Maxime Ingrao, a security researcher at Evina, has discovered a new family of malware that can infect Android apps via Google Play.
Ονομάζεται Autolycos (Αυτόλυκος) — από την eponymous Greek mythological figure, known for her mastery of theft and deception. This is exactly what malware does.
Since June 2021, Ingrao has identified eight infected apps on the Play Store — which have been downloaded more than three million times.
How does Autolycos work?
According to Evina's report, the Autolycos malware's main goals are to enroll users in premium Direct Carrier Billing (DCB) services, without their knowledge or consent.
Here's how Autolycos can access a PIN verification code by reading a phone's notifications:
The way the malware works makes it difficult for Google to distinguish infected apps from normal ones. This is also the reason why it has not been detected for so long.
To scam as many users as possible, the scammers behind Autolycos promote the apps on Facebook and Instagram pages.
Ingrao identified 74 ad campaigns for one of the infected apps: the Razer Keyboard & Theme app.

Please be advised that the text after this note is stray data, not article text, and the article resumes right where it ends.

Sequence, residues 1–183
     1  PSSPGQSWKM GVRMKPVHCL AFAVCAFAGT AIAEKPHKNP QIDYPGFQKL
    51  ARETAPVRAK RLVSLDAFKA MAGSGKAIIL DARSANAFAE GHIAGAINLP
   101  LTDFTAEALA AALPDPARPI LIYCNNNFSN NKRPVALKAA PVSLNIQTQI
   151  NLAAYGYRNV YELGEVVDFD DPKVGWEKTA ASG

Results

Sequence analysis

It retrieves a JSON on the C2 address: 18.104.22.168/pER/y— Maxime Ingrao (@IngraoMaxime) July 13th, 2022
It then executes the urls, for some steps it executes the urls on a remote browser and returns the result to include it in the requests
This allows it not to have a Webview and to be more discrete pic.twitter.com/v5S6fUjx7M
Traces of the malicious app have been found in Asia and several European countries, including Spain, Austria, Poland and Germany — indicating a very worrying expansion.
What are the infected apps?
Evina and Ingao provided a list of the eight known apps that contain the malware:
Razer Keyboard & Theme — 10.000+ downloads Vlog Star Video Editor — 1.000.000+ downloads Funny Camera — 500.000+ dowloads Coco Camera — 1.000+ downloads Creative 3D Launcher — 1.000.000+ downloads GIF Keyboard — 100.000+ downloads Freeglow Camera — 5.000+ downdoads Wow Camera — 100+ downloads
Interestingly, Ingao notified Google in June 2021. The company acknowledged the problem, but it took six months to remove the first six apps. This prompted the researcher to post the apps on Twitter.
On July 13, Google removed the last two: Funny Camera and Razer Keyboard & Theme.